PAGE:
It's still a detour. More work to get the intermediate state to a good state, its risk to break something, the confusion it creates to contributors. In case of Bazel, the intermediate state might also cause additional work (Bazel people may want to comment on that).

It won't make a different for our Bazel generator script I believe.

About the incrementality, I assume this is the main point:

Do we really need a LLVMBuild.cmake for every component? I hoped it would be possible to derive that information from CMake's dependency graph (which would avoid them being out-of-sync). If it's not feasible to get that information from CMake, why not use add_llvm_library in the CMakeLists.txt to pass that information?

Is there an agreement that we want to remove these LLVMBuild.cmake files and move everything to the main CMakeLists.txt files?

It isn't clear why we can't just do it immediately, but I haven't thought it through really. If Serge perceives the current patch as a useful incremental step before addressing to the next steps, I don't mind doing it this way either.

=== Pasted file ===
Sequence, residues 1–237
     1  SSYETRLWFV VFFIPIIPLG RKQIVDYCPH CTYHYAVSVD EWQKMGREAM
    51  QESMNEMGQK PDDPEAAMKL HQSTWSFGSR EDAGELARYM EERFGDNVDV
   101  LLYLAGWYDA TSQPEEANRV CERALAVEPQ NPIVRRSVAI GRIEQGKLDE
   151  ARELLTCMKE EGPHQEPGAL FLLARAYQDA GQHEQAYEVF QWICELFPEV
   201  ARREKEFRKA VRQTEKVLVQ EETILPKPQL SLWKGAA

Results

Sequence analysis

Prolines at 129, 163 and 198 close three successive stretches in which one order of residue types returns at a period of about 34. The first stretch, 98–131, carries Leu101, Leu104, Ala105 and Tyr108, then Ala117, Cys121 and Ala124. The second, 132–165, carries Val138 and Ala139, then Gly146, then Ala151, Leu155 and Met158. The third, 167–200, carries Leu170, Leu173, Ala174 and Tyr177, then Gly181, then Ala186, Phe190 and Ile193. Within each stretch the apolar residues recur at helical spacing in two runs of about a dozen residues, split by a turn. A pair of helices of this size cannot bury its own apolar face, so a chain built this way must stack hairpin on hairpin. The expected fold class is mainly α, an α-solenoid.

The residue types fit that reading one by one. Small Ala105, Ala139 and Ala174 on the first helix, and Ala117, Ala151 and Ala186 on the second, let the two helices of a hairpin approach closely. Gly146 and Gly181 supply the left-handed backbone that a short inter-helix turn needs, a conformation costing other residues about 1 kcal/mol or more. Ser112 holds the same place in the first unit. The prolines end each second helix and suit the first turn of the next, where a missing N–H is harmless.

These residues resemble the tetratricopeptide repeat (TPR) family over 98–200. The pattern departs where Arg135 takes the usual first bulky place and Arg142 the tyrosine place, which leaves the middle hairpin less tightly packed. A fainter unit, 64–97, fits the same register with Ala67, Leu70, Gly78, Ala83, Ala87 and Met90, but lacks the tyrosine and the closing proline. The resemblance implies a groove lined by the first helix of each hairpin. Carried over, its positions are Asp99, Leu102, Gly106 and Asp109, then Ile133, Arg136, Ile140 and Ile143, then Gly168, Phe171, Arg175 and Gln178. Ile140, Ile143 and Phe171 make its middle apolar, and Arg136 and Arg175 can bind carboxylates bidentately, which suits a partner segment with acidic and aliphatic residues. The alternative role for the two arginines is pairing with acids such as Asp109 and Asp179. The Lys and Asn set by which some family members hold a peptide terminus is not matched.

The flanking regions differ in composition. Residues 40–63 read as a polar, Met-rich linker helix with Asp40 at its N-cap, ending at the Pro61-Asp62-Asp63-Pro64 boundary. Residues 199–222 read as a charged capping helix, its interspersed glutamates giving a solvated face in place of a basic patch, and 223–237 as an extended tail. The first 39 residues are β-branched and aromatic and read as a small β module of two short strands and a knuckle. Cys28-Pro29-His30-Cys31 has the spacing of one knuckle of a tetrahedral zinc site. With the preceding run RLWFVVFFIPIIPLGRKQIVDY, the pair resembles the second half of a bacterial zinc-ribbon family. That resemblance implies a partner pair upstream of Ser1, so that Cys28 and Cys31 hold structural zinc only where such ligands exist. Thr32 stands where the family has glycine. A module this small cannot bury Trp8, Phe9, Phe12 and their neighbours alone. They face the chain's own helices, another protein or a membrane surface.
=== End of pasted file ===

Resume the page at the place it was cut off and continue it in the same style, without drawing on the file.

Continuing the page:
What's the next step after this current patch?

I'll take the example of LLVMVEctorize. Current build specification (including this patch) it split in two:

add_llvm_component_library(LLVMVectorize
  LoadStoreVectorizer.cpp
  LoopVectorizationLegality.cpp
  LoopVectorize.cpp
  SLPVectorizer.cpp
  Vectorize.cpp
  VectorCombine.cpp
  VPlan.cpp
  VPlanHCFGBuilder.cpp
  VPlanPredicator.cpp
  VPlanSLP.cpp
  VPlanTransforms.cpp
  VPlanVerifier.cpp

  ADDITIONAL_HEADER_DIRS
  ${LLVM_MAIN_INCLUDE_DIR}/llvm/Transforms
  ${LLVM_MAIN_INCLUDE_DIR}/llvm/Transforms/Vectorize

  DEPENDS
  intrinsics_gen
  )

and

LLVMBuildComponent(
    TYPE Library
    NAME Vectorize
    PARENT Transforms
    LIBRARY_NAME Vectorize
    REQUIRED_LIBRARIES Analysis Core Support TransformUtils
)

Next step is two merge these two calls into a single one, at the add_llvm_component_library level. Thanks to the translation of the Python script into cmake script, this merge should be relatively easy. See how the intermediate step looks useful ;-) ?

I've posted a WIP approach in https://reviews.llvm.org/D90848 . It showcases what the final merge could look like, and I *really* like what it looks like in the end.
I don't mind *not* applying that patch and merging the two in one single patch, if that better suits the reviewers. The intermediate step was important to me, but may not matter from an commit history point of view.